Mountain Pink , Quinineweed

Centaurium beyrichii (Torr. & A. Gray ex Torr.) B.L. Rob.



Texas is home to four species of Centaurium: C. beyrichii, Mountain Pink, the subject of this entry; C. texense, C. calycosum, and C. glanduliferum. All four species have attractive, small, pink flowers.  Mountain Pink grows to about 1 foot or 20 cm tall with many branches and blossoms forming a rounded mass. Marshall Enquist in Wildflowers of the Texas Hill Country states Mountain Pink “usually grows in the shape of an inverted cone.”  The narrow (3 mm), linear, leaves are simple, opposite each other on the stem, and attached directly to it. On the lower stem, the leaves are up to 3 cm grading into shorter, nearly threads on the upper stem.     Pink to rose-colored flowers shaped like a five-pointed star are produced in late spring through summer. The flowers have five yellow anthers and a pale stigma that is kept away from the anthers by a bent style. The flower is up to 2 cm wide and has a floral tube up to 1.5 cm. The clasping calyx lobes are much shorter than the floral tube. It can provide nectar for moths, butterflies, and bees. 


C. beyrichii is found in North Central to West Texas and into Arkansas. It usually grows in sunny areas on dry, rocky limestone hills or in seeps of granite. It is most common in the Edwards Plateau. Habitats include hillsides, prairies, plains, pasturelands, and savannahs.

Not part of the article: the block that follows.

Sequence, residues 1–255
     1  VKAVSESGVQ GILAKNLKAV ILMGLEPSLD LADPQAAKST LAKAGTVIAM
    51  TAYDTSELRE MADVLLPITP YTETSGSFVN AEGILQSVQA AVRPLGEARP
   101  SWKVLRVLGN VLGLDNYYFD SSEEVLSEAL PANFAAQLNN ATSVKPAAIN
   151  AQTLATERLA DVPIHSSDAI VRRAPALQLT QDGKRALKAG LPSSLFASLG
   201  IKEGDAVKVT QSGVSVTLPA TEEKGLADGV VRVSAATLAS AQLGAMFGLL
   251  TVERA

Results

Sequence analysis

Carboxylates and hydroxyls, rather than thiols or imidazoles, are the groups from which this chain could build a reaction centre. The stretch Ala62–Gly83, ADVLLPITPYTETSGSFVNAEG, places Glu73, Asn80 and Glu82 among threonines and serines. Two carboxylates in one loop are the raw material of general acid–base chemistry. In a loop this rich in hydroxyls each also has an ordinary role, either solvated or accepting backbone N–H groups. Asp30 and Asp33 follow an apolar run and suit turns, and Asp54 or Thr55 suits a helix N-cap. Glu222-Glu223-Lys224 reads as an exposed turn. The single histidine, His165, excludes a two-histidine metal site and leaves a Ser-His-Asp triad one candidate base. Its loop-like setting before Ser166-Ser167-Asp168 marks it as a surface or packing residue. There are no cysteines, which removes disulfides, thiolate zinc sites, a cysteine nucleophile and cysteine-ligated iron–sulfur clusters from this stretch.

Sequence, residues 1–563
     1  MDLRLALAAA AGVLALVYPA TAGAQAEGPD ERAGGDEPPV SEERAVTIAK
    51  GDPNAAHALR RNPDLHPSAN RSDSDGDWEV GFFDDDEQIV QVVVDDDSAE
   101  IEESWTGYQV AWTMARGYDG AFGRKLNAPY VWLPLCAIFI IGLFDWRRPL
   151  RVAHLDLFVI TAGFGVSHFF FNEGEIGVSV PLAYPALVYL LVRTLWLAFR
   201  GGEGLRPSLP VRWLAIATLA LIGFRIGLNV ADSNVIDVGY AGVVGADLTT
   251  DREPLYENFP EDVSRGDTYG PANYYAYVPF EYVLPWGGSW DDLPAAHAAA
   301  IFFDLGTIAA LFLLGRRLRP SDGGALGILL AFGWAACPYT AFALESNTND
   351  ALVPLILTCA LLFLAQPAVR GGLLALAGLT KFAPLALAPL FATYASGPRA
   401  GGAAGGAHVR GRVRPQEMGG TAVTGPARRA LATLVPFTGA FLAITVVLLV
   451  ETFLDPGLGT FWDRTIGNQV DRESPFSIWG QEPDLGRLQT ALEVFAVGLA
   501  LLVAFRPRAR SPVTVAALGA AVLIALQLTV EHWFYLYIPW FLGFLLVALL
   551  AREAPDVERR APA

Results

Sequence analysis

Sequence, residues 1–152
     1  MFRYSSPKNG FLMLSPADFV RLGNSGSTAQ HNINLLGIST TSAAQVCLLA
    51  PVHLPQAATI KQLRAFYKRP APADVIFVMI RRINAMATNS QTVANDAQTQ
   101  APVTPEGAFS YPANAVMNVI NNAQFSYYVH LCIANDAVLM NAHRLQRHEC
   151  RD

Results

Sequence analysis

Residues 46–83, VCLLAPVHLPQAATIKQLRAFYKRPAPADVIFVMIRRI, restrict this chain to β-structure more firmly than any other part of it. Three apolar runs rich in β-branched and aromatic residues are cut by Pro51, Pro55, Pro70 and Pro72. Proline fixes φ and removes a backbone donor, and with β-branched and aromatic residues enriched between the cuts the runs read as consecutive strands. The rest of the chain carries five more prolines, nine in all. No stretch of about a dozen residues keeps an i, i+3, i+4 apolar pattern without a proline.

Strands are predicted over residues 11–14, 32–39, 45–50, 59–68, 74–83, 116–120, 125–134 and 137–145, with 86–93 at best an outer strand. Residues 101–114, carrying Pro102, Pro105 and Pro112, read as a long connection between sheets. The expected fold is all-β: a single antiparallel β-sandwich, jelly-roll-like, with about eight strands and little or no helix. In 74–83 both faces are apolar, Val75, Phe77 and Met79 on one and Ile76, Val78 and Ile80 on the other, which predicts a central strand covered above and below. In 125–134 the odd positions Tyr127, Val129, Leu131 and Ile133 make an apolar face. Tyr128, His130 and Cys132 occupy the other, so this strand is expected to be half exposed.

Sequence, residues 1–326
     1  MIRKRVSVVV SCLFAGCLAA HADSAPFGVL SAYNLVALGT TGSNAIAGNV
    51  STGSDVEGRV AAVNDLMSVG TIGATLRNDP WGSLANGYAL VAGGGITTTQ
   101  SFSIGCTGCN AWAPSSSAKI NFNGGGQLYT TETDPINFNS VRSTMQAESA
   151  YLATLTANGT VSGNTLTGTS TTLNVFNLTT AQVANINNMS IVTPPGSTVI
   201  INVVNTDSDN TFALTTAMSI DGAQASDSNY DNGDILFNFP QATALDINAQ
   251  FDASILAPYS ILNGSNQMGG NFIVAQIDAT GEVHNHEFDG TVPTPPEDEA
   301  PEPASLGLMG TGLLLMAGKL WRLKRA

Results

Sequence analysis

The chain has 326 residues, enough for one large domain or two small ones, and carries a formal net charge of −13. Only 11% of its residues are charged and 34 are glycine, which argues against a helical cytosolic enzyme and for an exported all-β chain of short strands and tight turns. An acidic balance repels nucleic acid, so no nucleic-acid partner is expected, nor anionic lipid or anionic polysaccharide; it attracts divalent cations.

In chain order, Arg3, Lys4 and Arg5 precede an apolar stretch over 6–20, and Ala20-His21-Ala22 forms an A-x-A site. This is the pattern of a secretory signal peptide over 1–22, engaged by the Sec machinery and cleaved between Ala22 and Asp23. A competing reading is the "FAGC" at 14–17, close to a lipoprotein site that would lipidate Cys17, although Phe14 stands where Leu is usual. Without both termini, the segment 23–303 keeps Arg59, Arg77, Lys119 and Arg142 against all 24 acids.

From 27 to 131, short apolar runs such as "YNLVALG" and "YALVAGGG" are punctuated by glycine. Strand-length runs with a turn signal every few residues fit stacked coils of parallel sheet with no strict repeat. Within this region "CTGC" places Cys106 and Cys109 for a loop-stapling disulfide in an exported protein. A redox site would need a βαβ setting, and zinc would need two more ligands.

Toxic Agent

The toxic principle of the Centaurium spp. is unknown. The plant is suspected to be poisonous to cattle, sheep, and goats. Feeding Mountain Pink produced illness in five goats: of those, four died. One of the two sheep became ill. The toxic dose is estimated to be between 0.5 and 1 percent of the animal's body weight consumed daily for several days. The plant was suspected of causing the death of bighorn sheep in the Black Gap Wildlife Management Area in Brewster County. 

Signs of Livestock Ingestion

Affected animals exhibit: Loss of appetite; Signs of abdominal pain; Diarrhea. Examination after death may reveal damaged tissue containing blood in the liver and kidney, and severe ulcers and inflammation in the rumen and abomasum. 

Management Strategies

Mountain Pink is relatively unpalatable to grazing livestock. Good grazing management practices that improve range conditions can help reduce the consumption of the plant. Offer adequate mineral and nutritional supplements. Herbicides usually are unwarranted for minimizing toxicity problems from Mountain Pink.